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Bill calls for Duwamish recognition

SEATTLE – Duwamish leader Si’ahl was the first to sign the Treaty of Point Elliott in 1855, which made millions of acres of land available for settlement in exchange for certain guarantees.

His people are still waiting for those guarantees to be fulfilled 154 years later; and they hope a change in presidential administration, as well as a bill introduced by a local congressman, will see the treaty’s promises become reality.

Rep. Jim McDermott, D-Wash., senior member of the House Ways and Means Committee, introduced a bill June 3 calling for federal recognition of the Duwamish Tribe. He introduced the bill the same day the House voted to extend federal recognition to the Chickahominy Tribe, Chickahominy Indian Tribe Eastern Division, the Upper Mattaponi Tribe, the Rappahannock Tribe, the Monacan Indian Nation and the Nansemond Indian Tribe.

That bill awaits a vote by the Senate. The Duwamish bill has been referred to the House Committee on Natural Resources.

“Despite the Treaty of Point Elliott the Duwamish signed in good faith with the United States in 1855, federal recognition has not been extended and this is wrong,” McDermott said. “Promises were made to the Duwamish, but not kept. And it is time to correct this injustice for the Duwamish, just as we are doing in Virginia.”

The Duwamish are the First People of what is now known as Seattle, and early testimony states that they had 90 longhouses and six potlatch houses in 17 villages throughout what is now King County.

Although Si’ahl – later anglicized to Seattle – signed the Treaty of Point Elliott in 1855, the treaty wasn’t ratified in time to keep homesteaders from claiming the land that now comprises the city, and those residents lobbied to keep land from being set aside for a reservation. In 1865, Seattle’s city council passed a law banning the Duwamish and other Native peoples from living within the city limits. The Duwamish were evicted and their longhouses destroyed by arson.

While some Duwamish went to area reservations, many never left. They adopted a constitution in 1921 and in 1926 filed suit before the Indian Claims Commission for compensation for their land. But it wasn’t until 1963 that a land claims judgment was awarded in the amount of $62,000, and that money – $64 per person – wasn’t distributed until 1971.

On Jan. 19, 2001, in the waning hours of the Clinton administration, the assistant secretary of the Interior formally recognized the Duwamish Tribe, but the decision was reversed by his successor Sept. 26, 2001.

On Sept. 17, 2002, Duwamish Chairwoman Cecile Hansen testified before the Senate Committee on Indian Affairs that the Duwamish received federal services and exercised their treaty fishing rights until 1975. That’s when U.S. District Court Judge George Boldt settled the western Washington fishing wars by ruling that treaty tribes were entitled to half the annual salmon harvest; however, he excluded so-called “landless” tribes, among them the Duwamish. “Landless” became synonymous with “unrecognized.”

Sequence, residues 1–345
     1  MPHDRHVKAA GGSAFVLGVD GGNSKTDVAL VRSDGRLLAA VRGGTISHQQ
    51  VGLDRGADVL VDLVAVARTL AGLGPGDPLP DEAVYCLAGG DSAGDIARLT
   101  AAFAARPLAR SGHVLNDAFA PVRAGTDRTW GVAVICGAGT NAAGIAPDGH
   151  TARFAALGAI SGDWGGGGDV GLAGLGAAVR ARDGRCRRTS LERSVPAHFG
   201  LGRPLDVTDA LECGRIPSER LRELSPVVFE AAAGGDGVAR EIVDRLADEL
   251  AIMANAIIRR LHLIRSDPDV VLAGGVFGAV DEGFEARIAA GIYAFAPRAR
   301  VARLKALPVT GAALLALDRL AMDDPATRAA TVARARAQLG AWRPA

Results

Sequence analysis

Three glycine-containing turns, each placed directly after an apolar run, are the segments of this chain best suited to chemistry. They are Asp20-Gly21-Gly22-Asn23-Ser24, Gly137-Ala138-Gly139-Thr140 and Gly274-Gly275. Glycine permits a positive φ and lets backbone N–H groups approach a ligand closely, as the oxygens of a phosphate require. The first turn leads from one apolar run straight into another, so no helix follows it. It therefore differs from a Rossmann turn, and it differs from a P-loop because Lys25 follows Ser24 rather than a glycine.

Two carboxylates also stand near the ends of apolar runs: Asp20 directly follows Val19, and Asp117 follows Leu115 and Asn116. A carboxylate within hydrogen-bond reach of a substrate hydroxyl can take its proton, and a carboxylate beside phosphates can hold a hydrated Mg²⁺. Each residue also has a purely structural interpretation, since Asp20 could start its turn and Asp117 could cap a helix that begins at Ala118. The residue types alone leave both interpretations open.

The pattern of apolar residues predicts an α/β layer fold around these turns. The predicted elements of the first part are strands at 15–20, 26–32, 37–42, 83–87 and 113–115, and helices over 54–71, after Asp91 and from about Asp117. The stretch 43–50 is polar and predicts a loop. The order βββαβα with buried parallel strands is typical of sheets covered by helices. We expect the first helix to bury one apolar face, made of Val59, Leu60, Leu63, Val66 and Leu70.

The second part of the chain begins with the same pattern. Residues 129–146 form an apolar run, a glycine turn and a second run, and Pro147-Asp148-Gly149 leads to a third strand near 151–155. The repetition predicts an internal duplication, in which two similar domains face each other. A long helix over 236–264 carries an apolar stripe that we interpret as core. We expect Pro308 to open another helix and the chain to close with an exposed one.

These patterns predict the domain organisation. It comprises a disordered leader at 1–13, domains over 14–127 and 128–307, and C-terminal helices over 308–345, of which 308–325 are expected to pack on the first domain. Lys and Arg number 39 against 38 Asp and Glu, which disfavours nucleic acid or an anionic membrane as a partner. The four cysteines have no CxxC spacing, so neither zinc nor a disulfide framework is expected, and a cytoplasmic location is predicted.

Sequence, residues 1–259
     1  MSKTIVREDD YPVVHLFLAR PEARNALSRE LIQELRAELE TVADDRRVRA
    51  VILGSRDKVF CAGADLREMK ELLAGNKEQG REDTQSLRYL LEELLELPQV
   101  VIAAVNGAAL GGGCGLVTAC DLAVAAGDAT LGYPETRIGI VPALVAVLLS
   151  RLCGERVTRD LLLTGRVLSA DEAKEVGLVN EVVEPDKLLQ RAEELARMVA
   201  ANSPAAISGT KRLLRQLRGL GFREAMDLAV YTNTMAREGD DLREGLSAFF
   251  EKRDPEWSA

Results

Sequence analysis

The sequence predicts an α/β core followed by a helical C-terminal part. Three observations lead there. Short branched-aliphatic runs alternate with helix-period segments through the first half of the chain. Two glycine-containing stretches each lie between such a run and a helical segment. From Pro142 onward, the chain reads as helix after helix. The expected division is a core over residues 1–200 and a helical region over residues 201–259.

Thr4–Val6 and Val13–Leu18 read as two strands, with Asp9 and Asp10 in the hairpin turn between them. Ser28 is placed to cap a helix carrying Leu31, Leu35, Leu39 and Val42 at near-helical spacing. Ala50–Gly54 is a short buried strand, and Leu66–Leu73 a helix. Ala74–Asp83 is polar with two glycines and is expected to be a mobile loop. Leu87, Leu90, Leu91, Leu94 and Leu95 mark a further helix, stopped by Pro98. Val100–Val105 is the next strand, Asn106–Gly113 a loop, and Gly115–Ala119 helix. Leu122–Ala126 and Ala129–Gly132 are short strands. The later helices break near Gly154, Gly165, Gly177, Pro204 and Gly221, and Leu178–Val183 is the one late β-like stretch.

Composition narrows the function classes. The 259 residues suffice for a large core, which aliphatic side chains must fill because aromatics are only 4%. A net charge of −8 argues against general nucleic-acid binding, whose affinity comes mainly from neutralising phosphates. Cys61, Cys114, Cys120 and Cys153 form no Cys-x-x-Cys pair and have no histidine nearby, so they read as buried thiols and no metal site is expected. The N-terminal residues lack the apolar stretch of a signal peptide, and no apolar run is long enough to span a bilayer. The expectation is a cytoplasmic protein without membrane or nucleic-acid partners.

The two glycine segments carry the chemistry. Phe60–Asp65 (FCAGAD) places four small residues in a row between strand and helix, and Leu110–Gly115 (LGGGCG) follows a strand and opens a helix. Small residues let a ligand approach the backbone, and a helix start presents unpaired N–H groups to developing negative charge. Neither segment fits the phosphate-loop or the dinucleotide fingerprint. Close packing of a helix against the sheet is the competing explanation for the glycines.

‘‘We have never been terminated by Congress,” Hansen testified in 2002. “Now the BIA is telling us that we are not federally recognized. This is a grave injustice to the Duwamish people and other treaty tribes like us.”

McDermott hopes his bill brings justice to the Duwamish.

“It is my hope that the new day dawning across America is bright enough to shine enough light for us to see and correct the injustices endured for too long by the First Americans,” he said.

Hansen is the great-great grandniece of Si’ahl; she has served as Duwamish chairwoman since 1975 and is the sixth chairperson since the 1921 constitution was adopted. She feels “highly optimistic” that recognition will come soon, but she works daily to pursue all avenues.

While McDermott’s bill is reviewed in committee, the Duwamish are appealing the Bush administration’s 2001 decision. Events at the Duwamish Longhouse and Cultural Center have raised $25,000 toward the $100,000 expected to be needed for the appeal.

“We were granted a six-month extension to raise $100,000 to hire an expert witness to review 31,000 pages provided by the BIA,” Hansen said on the Duwamish Web site. “Our attorneys who are working pro bono tell us this is our last chance.”

Events at the longhouse have included Hansen’s Fry Bread for Justice, and the annual Duwamish Tribe Gala Dinner and Art Auction. The longhouse, which opened this year and is the first to grace Seattle since the 1890s, also hosted the “Duwamish Longhouse Presents” series with 15 cultural presentations between January and May. Among them: A world premiere of “Angeline,” a documentary on the life of Chief Seattle’s daughter; and exhibits and performances by northwest coast Native artists.

The Duwamish Tribal Council is the elected governing board of the Duwamish Tribe. Duwamish Tribal Services is a nonprofit organization which manages the money Duwamish raises to provide services to its members, which includes a variety of cultural, educational, health and social services.

Richard Walker is a correspondent reporting from San Juan Island, Wash. Contact him at rmwalker@rockisland.com.

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